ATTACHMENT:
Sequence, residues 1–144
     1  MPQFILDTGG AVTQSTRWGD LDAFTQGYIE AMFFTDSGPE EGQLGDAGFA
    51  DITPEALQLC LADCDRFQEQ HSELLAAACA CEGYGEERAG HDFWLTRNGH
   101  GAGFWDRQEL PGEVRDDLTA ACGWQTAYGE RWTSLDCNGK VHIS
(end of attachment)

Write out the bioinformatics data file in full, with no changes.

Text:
Sequence, residues 1–144
     1  MPQFILDTGG AVTQSTRWGD LDAFTQGYIE AMFFTDSGPE EGQLGDAGFA
    51  DITPEALQLC LADCDRFQEQ HSELLAAACA CEGYGEERAG HDFWLTRNGH
   101  GAGFWDRQEL PGEVRDDLTA ACGWQTAYGE RWTSLDCNGK VHIS